On the Shoulders of Merchants: Exchange and the Mathematical Conception of Nature in Early Modern Europe, Volume 0

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SUNY Press, 1994 - Social Science - 191 pages
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This book shows how the universal quantification of science resulted from the routinization of commercial practices that were familiar in scientist's daily lives. Following the work of Franz Borkenau and Jacob Klein in the 1930s, the book describes the rise of the mechanistic world-view as a reification of relations of exchange in the sixteenth and seventeenth centuries. Critical of more orthodox, positivist Marxist accounts of the rise of science, it argues that commercial reckoners, in keeping with the social relations in which their activity took place, delivered a new mathematical object, "general magnitude," to the new mechanics. The book is an historical extension of the sociology of scientific knowledge and develops and refines themes found in the work of Alfred Sohn-Rethel and Gideon Freudenthal.
 

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Contents

Accounts of the Rise of Early Modern Science
1
PostWorld War II Accounts of the Rise of Science
2
Marxism Praxis and Science
8
Social Relations Value and the Mechanistic Abstraction
16
Marx The Commodity Abstraction and Mechanistic Knowledge of Nature
31
Society Thought and Historical Specification
34
Commodities Value Abstraction and Homogeneity
40
Commodity Fetishism and the Representation of Society and Nature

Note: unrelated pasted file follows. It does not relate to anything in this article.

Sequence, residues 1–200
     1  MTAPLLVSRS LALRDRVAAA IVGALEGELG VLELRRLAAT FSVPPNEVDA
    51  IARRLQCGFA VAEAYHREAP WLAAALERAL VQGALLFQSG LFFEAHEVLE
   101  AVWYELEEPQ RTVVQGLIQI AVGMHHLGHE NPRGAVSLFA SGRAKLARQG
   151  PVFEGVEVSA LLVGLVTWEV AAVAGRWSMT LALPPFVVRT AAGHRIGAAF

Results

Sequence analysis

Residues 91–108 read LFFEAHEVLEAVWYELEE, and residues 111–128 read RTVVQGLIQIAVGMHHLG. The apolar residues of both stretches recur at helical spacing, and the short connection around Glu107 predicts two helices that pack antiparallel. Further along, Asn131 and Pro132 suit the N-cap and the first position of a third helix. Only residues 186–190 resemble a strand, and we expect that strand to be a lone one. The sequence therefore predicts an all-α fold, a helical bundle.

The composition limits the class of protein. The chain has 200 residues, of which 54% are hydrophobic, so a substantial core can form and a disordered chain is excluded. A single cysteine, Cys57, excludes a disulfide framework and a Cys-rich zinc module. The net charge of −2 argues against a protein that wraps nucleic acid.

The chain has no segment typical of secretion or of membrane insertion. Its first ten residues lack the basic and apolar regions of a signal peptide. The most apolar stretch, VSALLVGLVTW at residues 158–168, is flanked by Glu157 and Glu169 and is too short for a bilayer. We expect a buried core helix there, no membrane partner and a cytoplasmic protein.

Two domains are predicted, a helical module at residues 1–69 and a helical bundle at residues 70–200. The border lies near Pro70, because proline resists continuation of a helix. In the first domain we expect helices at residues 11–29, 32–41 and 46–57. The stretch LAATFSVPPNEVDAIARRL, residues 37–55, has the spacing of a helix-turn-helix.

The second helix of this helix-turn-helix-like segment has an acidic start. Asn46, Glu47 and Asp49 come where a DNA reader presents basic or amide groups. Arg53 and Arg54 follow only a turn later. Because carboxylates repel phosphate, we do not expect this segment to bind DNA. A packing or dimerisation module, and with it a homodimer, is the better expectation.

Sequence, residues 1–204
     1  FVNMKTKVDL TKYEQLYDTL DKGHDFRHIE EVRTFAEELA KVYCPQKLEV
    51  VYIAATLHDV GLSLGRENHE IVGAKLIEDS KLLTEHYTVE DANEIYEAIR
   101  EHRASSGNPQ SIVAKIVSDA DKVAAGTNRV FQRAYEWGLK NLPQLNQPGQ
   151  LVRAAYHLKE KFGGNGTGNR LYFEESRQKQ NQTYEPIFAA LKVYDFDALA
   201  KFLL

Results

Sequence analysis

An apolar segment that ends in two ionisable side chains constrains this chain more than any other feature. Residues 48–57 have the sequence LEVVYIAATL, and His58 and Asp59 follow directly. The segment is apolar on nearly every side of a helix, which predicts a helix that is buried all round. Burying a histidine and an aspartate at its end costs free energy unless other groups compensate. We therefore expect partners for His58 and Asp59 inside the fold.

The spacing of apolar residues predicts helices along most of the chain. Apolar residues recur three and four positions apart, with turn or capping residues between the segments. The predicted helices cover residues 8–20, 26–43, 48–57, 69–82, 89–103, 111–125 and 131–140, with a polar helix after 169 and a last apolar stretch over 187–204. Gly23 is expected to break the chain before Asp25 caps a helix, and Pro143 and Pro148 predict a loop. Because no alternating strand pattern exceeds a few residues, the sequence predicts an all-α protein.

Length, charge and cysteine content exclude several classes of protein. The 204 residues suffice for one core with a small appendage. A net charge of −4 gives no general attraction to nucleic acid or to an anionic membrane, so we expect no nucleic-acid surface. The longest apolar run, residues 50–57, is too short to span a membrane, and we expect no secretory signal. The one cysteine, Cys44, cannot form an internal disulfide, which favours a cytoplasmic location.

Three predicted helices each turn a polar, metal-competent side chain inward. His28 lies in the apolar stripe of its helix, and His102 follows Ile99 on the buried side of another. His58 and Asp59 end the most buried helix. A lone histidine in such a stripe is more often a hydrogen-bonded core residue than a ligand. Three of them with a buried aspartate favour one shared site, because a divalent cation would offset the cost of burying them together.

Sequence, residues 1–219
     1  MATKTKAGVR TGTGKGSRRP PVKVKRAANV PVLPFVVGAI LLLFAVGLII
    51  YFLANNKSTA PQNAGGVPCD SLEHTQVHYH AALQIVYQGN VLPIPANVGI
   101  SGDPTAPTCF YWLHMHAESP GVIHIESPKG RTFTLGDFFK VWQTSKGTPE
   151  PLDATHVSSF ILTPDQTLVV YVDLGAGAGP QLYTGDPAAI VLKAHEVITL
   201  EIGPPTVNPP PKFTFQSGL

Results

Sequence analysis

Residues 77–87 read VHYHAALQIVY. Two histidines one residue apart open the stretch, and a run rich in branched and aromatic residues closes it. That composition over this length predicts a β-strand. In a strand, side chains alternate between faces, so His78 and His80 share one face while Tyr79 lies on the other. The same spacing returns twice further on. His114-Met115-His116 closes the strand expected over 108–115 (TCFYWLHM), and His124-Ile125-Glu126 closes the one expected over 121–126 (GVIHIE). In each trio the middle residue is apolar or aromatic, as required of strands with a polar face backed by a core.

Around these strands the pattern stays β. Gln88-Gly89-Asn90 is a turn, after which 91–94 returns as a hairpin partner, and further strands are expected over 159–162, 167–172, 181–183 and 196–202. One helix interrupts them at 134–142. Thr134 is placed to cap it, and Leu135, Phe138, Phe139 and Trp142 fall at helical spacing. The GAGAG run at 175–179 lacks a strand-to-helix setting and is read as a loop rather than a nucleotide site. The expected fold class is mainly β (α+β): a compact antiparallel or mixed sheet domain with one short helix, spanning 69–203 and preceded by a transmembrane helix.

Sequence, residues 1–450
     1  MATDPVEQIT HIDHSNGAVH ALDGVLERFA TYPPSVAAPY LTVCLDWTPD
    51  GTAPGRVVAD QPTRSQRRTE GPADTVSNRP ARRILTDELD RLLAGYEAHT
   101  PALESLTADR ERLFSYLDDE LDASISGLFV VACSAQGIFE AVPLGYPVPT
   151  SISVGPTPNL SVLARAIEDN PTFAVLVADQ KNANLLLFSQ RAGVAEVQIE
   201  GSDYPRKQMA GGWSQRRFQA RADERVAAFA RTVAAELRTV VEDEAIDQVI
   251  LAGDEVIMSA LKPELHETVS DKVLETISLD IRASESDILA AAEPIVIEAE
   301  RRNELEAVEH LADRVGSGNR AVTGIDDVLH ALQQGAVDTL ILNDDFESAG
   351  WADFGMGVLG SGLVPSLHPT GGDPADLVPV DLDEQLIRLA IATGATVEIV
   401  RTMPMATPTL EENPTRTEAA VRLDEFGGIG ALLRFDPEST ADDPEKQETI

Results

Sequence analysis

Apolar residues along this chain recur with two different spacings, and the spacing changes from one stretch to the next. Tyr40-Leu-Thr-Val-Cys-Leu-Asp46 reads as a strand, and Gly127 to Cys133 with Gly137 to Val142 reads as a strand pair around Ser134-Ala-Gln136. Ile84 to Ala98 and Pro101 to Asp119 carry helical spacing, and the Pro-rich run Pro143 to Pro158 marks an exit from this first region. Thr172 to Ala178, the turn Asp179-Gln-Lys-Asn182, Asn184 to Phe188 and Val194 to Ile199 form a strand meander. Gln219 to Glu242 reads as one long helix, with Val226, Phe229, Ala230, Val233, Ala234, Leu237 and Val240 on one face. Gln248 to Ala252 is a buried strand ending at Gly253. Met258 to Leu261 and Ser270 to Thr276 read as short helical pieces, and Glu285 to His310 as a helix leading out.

46
Thomas Bradwardine
96
Nicole Oresme
99
Robert Recorde
104
John Dee
109
Thomas Harriot
111
Rafael Bombelli
112
Exchange Labour Mathematics and Natural Philosophy The Social Roots of a Science of Mechanics
115
Niccolo Tartaglia
121

The Concrete Existence of Abstract Relations
50
Commerce Finance Credit and the Money Economy
53
Production Labour and LabourTime
56
Mathematical Mechanics and Abstraction
63
Ancient Mathematics Discontinuities
65
The Ontological Shift to Modern Mathematics Jacob Klein
71
Mathematics and Mechanics The Homogenization of Nature
74
Exchange Relations Commercial Arithmetic and the Foundations of Mathematical Mechanics
83
John Philoponos
84
The Early European Arithmetic and RecordKeeping Traditions
85
Galileo Galilei
123
Francois Viete
129
Rene Descartes
135
Simon Stevin
149
The Hartlib Circle and the Royal Society
154
Social Relations and the Intellectual Appropriation of Nature
157
Notes
167
References
171
Index
185
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About the author (1994)

Richard W. Hadden is Associate Professor at Saint Mary's University in Nova Scotia.

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